Most Recent Articles In Beauty Features
Latest Beauty Features Articles
- Beauty Brand Founders On Their Mothers’ Best Advice
- Editor’s Letter: Welcome to the New Top 100 List
- Fashion and Beauty Book Spring Releases
More Articles By
Beauty may be in the eye of the beholder, but beauty dollars are in the hands of the consumer. And grabbing a portion of those dollars is on the minds of retailers.
Helping them figure it out is Allure magazine, owned by WWD parent Condé Nast, which conducted its annual in-depth study detailing what influences American women’s beauty purchasing decisions.
The Allure Catalyst Report polled more than 2,600 women, ages 18 to 64, online, between April 25 and May 11. They logged a total of more than 1,300 hours sharing their thoughts for the survey.
Among its findings, the report reveals that on average, women use 13 beauty products at least once a week, and regularly use seven brands. The average woman spends 40 minutes a day on beauty — nearly double the time she spends commuting to work — and on average, it would cost $199 to replace all of her beauty products.
Where is she likely to do that shopping?
The survey revealed that mass channels gobble most of her beauty dollars. Price appears to be a key factor, as “the expense of products” ranked first in a list of things consumers liked least when shopping for beauty products, with 55 percent.
When asked where they have shopped for beauty products in the past six months, 64 percent said discounters, while 40 percent said they bought beauty products at drug stores. Department stores captured 21 percent and supermarkets drew 20 percent.
Specialty retailers, like Sephora or Ulta, grabbed 12 percent, as did beauty salons and dollar stores. Door-to-door sales, like Mary Kay or Avon, accounted for 19 percent, while 14 percent said they shopped online.
Among online shoppers, the top five reasons for letting their fingers do the clicking were:
— Getting a product I couldn’t get anywhere else: 28 percent.
— Taking advantage of a special online offer: 24 percent.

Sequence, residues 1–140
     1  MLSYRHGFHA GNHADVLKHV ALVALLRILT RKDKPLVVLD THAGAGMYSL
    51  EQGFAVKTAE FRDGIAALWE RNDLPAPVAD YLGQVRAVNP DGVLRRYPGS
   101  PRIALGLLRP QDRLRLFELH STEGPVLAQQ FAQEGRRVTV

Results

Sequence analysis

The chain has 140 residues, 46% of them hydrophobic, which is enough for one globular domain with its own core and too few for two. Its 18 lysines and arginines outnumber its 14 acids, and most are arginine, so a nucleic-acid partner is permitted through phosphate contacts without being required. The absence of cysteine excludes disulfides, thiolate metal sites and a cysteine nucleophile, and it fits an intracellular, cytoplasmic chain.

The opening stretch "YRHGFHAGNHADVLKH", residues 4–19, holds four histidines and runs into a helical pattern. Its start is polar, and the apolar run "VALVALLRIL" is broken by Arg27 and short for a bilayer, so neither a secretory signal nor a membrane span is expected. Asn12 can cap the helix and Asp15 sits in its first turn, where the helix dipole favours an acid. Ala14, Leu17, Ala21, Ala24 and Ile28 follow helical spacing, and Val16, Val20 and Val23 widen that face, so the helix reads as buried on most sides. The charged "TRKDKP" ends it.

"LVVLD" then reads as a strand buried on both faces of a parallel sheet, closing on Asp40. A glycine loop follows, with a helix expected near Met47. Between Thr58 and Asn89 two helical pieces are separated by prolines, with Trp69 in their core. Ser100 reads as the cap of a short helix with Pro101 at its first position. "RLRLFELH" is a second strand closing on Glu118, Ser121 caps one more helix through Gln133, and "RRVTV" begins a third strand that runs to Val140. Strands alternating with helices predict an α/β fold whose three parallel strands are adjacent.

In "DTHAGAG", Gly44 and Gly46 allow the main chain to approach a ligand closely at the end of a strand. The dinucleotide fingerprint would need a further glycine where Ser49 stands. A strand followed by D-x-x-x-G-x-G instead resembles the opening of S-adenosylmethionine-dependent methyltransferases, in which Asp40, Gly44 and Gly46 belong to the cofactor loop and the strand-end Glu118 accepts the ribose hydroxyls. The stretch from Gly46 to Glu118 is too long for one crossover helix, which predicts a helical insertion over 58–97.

— Refilling a product I already use: 21 percent.
— It’s less expensive online: 21 percent.
— To avoid going to a store: 20 percent.
Getting free samples topped the list of what women like most about beauty shopping. When asked to pick three favorites, 30 percent cited freebies and 28 percent said “finding a bargain.” As 27 percent said “the possibility of finding a great product,” 24 percent said “treating or indulging myself.”
As for brand loyalty, 40 percent said another thing they disliked about beauty shopping was the risk of not knowing whether a product will work. Just over half (51 percent) said they would rather stick with a product they know has worked, and 65 percent said they’ve been using many of the same beauty brands for years.
Even if a product is working for them, 28 percent said they prefer to try new beauty products, and 25 percent said it doesn’t take much to get them to switch brands.
Beyond price, the in-store experience makes a difference in consumers’ opinion of beauty shopping. Among other “least enjoyed” factors:
— 39 percent cited pushy salespeople.
— 27 percent said “not finding what I’m looking for”
— 23 percent said not understanding what products are right for them, as well as being overwhelmed by too many options.
Other factors included dealing with crowds (21 percent); unknowledgeable salespeople (18 percent); waiting in line (11 percent), and stores that are hard to navigate (7 percent).
Most women won’t leave the house without four beauty products in their handbags, on average, and they mostly pertain to the lips. Lip balm topped the list, with 45 percent; hand/body moisturizer grabbed 35 percent; lipstick took 31 percent; lip gloss, 29 percent; beauty implements and fragrance/perfume took 16 percent each; mascara garnered 10 percent; 7 percent take foundation, and 6 percent take blush or bronzer as well as eye shadow.
Sounds like they need a good handbag, too.